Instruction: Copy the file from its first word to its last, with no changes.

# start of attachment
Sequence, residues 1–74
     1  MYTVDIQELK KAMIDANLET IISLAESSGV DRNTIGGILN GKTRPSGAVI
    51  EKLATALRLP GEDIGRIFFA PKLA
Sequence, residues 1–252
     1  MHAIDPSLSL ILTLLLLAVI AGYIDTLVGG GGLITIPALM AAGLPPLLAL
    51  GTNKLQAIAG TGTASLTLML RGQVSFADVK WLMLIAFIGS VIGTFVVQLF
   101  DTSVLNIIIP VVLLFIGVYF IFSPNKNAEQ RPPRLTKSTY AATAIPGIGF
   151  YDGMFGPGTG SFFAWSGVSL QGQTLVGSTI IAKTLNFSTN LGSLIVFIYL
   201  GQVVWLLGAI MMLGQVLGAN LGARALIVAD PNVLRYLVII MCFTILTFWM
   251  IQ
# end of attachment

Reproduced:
Sequence, residues 1–74
     1  MYTVDIQELK KAMIDANLET IISLAESSGV DRNTIGGILN GKTRPSGAVI
    51  EKLATALRLP GEDIGRIFFA PKLA
Sequence, residues 1–252
     1  MHAIDPSLSL ILTLLLLAVI AGYIDTLVGG GGLITIPALM AAGLPPLLAL
    51  GTNKLQAIAG TGTASLTLML RGQVSFADVK WLMLIAFIGS VIGTFVVQLF
   101  DTSVLNIIIP VVLLFIGVYF IFSPNKNAEQ RPPRLTKSTY AATAIPGIGF
   151  YDGMFGPGTG SFFAWSGVSL QGQTLVGSTI IAKTLNFSTN LGSLIVFIYL
   201  GQVVWLLGAI MMLGQVLGAN LGARALIVAD PNVLRYLVII MCFTILTFWM
   251  IQ